Tradition refers to the handing down of beliefs and customs from one generation to the next. In terms of architecture, these traditions are often given a physical manifestation in the form of spatial arrangement and ornamentation. Since ancient times, communities around the world have been looking upon their indigenous traditions for a sense of social unity and identity. For them, the sense of pride and the feeling of belongingness are the same, which is often reflected in the tangible components of their built forms.

As the social conditions of a society change, so do their tradition and subsequently their architecture. Therefore, traditions are always subjected to change and evolution, and in most cases lead to the construction of structures that are responsive to the needs of the people.


The Ancient Architecture was highly influenced by traditions and rituals as the people of that time had a close connection with the supernatural. In ancient Egypt, most of the art and architecture were influenced by the Egyptian’s belief in the afterlife and the veneration of the Gods. Subsequently, a large number of tombs and temples were built in honor of the Egyptian Gods and the Pharos. A typical Egyptian Pyramid was a royal tomb enclosed within a burial complex which also contained a mortuary temple and a pavilion.

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Typical structure of a pyramid ©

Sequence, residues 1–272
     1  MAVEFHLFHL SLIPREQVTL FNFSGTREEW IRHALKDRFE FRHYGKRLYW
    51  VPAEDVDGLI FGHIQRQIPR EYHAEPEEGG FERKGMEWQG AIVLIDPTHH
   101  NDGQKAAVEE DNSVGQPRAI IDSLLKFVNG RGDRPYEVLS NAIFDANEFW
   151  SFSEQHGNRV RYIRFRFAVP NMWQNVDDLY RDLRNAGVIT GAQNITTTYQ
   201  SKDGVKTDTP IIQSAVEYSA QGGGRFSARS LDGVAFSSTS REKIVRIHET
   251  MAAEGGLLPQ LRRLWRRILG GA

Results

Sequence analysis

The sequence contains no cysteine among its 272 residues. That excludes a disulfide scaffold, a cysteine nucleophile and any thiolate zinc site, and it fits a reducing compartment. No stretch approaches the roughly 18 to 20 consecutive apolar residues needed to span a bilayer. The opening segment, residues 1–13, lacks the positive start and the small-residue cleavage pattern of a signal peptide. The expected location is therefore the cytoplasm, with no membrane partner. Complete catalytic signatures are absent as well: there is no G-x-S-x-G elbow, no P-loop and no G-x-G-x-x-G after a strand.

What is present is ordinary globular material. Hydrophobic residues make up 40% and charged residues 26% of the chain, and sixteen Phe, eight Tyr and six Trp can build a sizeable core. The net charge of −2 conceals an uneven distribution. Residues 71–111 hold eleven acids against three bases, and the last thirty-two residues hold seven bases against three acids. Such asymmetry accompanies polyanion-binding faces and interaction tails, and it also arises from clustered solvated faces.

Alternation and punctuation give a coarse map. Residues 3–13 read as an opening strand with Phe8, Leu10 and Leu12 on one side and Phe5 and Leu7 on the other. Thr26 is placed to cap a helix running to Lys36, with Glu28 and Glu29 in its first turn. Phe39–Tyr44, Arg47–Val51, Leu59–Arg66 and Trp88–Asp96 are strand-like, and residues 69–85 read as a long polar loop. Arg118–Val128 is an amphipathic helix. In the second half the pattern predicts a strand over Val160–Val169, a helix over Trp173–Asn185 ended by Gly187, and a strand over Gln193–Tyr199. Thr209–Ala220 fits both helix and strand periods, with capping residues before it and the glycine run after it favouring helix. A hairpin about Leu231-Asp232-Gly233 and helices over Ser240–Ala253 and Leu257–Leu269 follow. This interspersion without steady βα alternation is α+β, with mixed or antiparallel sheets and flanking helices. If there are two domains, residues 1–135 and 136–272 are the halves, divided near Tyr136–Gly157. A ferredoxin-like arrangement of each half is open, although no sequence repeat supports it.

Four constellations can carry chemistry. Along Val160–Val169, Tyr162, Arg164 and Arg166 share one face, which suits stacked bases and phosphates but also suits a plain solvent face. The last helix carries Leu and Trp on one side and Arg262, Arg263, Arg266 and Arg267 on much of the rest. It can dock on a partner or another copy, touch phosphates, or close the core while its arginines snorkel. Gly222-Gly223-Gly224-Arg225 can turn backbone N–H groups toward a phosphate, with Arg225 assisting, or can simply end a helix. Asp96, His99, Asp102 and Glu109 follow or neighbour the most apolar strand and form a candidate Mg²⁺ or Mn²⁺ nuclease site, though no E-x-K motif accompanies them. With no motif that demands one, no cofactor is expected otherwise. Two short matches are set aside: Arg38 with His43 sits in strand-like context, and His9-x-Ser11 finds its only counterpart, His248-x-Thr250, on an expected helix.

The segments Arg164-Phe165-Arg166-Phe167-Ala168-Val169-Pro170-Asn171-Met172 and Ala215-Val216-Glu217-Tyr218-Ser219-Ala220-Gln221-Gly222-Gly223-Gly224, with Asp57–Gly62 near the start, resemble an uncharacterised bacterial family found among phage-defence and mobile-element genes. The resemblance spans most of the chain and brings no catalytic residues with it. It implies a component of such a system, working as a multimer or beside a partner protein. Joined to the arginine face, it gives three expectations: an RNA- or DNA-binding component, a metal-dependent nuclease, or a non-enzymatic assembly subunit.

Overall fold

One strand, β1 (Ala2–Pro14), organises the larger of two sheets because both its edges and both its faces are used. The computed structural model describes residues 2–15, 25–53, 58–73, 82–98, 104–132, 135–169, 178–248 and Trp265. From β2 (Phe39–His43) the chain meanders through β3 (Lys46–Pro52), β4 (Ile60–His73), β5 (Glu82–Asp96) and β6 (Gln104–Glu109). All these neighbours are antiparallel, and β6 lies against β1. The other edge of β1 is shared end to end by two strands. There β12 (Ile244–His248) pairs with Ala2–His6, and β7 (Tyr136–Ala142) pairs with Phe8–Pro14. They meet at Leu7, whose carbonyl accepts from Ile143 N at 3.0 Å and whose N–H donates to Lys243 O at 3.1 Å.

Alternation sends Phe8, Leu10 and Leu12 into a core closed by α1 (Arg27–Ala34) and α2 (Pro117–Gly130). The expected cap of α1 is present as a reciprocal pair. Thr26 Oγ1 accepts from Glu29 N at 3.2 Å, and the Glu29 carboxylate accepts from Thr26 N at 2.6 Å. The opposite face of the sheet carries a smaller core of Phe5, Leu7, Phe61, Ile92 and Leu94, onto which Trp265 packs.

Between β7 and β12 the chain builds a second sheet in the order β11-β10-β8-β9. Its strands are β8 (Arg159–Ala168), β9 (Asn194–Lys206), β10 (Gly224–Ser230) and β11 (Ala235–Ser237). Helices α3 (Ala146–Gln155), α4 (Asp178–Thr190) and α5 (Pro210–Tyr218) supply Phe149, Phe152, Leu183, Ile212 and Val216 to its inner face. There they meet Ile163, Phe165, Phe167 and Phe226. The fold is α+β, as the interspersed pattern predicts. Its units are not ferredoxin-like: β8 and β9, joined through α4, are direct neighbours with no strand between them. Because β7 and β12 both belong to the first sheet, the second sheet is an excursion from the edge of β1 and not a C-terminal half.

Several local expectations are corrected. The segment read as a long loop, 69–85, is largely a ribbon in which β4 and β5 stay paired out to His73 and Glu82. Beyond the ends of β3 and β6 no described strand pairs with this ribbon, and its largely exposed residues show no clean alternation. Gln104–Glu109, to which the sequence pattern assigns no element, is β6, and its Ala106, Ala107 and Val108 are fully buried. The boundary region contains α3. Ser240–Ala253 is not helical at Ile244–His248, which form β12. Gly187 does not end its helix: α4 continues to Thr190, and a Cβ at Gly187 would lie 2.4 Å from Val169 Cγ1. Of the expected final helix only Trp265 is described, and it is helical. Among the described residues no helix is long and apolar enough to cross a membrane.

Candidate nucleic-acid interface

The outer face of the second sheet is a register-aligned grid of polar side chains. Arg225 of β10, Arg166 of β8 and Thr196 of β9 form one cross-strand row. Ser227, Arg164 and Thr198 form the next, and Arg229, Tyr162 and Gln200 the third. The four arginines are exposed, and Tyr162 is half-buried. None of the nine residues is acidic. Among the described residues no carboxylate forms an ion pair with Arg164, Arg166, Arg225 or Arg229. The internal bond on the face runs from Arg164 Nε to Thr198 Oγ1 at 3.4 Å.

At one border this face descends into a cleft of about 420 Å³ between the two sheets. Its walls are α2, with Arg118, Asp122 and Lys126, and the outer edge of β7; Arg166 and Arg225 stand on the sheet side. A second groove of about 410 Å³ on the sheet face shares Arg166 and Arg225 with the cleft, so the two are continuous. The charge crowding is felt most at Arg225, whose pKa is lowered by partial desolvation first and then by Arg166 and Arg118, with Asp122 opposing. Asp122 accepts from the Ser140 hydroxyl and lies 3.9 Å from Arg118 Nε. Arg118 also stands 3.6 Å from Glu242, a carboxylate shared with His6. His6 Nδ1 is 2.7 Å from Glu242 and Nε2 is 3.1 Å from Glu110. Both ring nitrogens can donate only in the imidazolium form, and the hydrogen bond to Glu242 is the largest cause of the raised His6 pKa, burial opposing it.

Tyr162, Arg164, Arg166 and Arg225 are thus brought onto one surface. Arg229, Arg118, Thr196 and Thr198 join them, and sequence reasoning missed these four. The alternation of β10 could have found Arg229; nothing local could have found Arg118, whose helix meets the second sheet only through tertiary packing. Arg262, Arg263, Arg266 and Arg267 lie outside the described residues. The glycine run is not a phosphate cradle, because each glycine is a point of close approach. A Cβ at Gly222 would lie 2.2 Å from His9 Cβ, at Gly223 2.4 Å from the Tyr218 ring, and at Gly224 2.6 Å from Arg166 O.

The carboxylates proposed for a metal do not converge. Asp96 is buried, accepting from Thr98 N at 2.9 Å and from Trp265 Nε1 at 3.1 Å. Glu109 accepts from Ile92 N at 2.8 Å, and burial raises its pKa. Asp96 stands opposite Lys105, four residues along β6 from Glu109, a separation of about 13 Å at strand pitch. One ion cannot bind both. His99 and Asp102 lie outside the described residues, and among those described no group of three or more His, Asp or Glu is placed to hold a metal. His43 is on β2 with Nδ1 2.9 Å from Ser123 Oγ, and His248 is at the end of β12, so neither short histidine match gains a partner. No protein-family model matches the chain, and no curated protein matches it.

A mortuary temple was a place of worship of the deceased king which had the depository for food and objects offered to the dead monarch. The Mastaba on the other hand was characterized by a flat-topped rectangular superstructure of mud-brick or stone with a shaft descending to the burial chamber far below it. The Burial chamber was adorned and decorated lavishly with jewels that were believed to help the king in his afterlife. The Pyramid of Giza, the Pyramid of Khafre, and the Pyramid of Menkaure located within the same complex are an excellent example of the same.

Another example of the influence of traditions in architecture can be seen in the Indian temples. These temples were originally built to imbibe individuals with positive energies in the form of magnetic waves. Therefore, the temples were usually built in areas where there was a high concentration of the earth’s magnetic waves and the Garbhgriha of the temple was usually made up of a material that could absorb and harness these magnetic waves. These positive energies were then absorbed by the individuals when they visited the temples and circumambulated around the central deity.

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A Complex plan of a Hindu Temple at Madurai ©

Over time, this underlying understanding of the temples and the science behind their construction gave way to complex rituals and traditions making temples more of a place for prayer and worship. This eventually led to the establishment of vast and complicated temple complexes that had spaces for performances, cooking, and serving food offerings to the Gods. This gradual shift from the original purpose and spatial arrangement of the temples from simple structures to complex religious edifices can be largely owed to the changing traditions and cultures.